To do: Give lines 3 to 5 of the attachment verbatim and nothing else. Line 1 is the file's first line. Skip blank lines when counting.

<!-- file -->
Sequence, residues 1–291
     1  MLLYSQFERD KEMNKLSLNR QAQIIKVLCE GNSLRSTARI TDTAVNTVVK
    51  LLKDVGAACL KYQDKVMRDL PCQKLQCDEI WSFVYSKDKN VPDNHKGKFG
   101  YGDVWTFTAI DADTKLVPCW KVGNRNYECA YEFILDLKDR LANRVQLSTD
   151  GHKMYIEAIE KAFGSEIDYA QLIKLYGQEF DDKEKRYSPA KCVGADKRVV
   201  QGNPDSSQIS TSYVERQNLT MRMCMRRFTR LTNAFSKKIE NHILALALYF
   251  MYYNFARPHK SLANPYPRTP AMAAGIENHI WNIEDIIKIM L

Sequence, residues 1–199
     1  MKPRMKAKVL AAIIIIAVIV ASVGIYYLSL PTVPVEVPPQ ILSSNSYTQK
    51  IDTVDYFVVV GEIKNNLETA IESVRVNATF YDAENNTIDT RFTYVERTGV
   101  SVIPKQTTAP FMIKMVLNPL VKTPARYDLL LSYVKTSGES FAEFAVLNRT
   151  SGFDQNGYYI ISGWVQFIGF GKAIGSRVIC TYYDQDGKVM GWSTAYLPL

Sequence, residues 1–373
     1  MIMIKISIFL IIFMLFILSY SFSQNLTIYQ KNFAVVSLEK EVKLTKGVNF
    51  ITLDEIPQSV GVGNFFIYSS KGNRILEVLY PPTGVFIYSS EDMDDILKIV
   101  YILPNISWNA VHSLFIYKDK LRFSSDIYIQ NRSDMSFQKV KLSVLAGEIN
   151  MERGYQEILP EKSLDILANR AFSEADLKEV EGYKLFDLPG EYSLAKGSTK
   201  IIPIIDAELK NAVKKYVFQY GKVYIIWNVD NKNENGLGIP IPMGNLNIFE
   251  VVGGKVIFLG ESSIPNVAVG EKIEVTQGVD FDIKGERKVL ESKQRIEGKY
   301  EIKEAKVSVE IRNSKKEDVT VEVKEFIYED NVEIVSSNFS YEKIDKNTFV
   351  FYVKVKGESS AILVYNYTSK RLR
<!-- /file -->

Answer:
    51  LLKDVGAACL KYQDKVMRDL PCQKLQCDEI WSFVYSKDKN VPDNHKGKFG
   101  YGDVWTFTAI DADTKLVPCW KVGNRNYECA YEFILDLKDR LANRVQLSTD
   151  GHKMYIEAIE KAFGSEIDYA QLIKLYGQEF DDKEKRYSPA KCVGADKRVV